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Replacing McCrory 

Democrats say interim replacement shouldn't run in 2009

Though Charlotte City Council members haven't had serious discussions about who to appoint should Mayor Pat McCrory win his bid for governor, they've already heard several names who might seek appointment or election. One name stands out among Republicans: Councilman John Lassiter.

Lassiter said last week that he's "begun the process of determining whether it is something I should do and can accommodate the demands of my business and family." Lassiter hasn't ruled out seeking appointment or running in 2009 -- or both -- if McCrory wins the Nov. 4 election against Lt. Gov. Beverly Perdue, a Democrat.

A Rasmussen Reports survey released May 12 showed McCrory leading with 45 percent of 500 likely voters polled supporting him, while 39 percent support Perdue. Should McCrory win, he'd be the first former Charlotte mayor in the governor's mansion. The Mecklenburg County Republican Party's executive committee would then select a replacement, subject to approval from the Democrat-majority City Council.

Council Democrats, who hold a 7-4 majority, say they won't approve an interim mayor who also intends to run for the office. "You don't want to create an incumbent," said Councilwoman Nancy Carter. "That's not fair."

But Council Republicans say such an agreement is not ironclad. "Incumbency, whether it's ten years or nine months, can convey an advantage," said Councilman Warren Cooksey. "Of course, it's going to depend on who the crop of interested candidates are, but in the abstract, I do find that tradition to be a valuable one to maintain consideration for ... I value that tradition, but I don't consider myself bound by it."

Said Councilman Edwin Peacock: "That tradition makes sense, but it's not a hard and fast rule."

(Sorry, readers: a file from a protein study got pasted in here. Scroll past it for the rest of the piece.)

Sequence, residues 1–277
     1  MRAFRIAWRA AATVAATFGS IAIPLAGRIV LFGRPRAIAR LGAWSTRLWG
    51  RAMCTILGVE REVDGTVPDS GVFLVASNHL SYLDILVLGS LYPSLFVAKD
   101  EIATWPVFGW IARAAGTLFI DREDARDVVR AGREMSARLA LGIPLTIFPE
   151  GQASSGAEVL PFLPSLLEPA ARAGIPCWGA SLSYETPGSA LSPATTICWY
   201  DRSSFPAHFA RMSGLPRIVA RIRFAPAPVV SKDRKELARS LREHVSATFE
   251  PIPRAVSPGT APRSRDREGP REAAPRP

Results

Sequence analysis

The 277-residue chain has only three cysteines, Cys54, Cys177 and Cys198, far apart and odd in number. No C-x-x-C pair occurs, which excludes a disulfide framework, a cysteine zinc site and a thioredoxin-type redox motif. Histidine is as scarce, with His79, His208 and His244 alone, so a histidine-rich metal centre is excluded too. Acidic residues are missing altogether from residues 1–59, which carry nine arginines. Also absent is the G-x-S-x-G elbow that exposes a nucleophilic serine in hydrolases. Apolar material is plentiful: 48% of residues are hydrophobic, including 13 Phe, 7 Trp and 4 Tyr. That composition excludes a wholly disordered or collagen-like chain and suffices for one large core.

Several Democrats say that, while it may not be official policy, tradition dictates that someone appointed to fill out a term agrees not to run for the office in the next election. "That's how it's always been done," said Councilman Warren Turner. "It's kind of one of those mutual agreements."

Democrats on the Council say such parameters were followed -- and encouraged by McCrory -- when Al Rousso stepped down in 1999 for health reasons and, more recently, Malcolm Graham vacated his Council seat to join the state Senate. "I like the process that's in place right now," Turner said. "But if they deviate from it, it will be very interesting to see how it goes."

Lassiter isn't the only Republican that's been talked about to fill out McCrory's term; former Council members Pat Mumford, Don Reid and Lynn Wheeler also have been mentioned. Mumford said he would consider the possibility if approached, but "it's not something that I am seeking."

Several Democrats are being talked about to run in 2009: state Sen. Malcolm Graham; Council members Susan Burgess and Anthony Foxx; past Council candidate Darrell Bonapart; and perennial mayoral candidate Craig Madans. Graham said the mayor's office has been a goal ever since he was a student at Johnson C. Smith University.

Several Council members, Democrat and Republican, agreed on one thing: Should McCrory win, the 2009 mayor's race will be something to watch. "It's obviously going to be very interesting," Peacock said. "The sky's kind of the limit right now."

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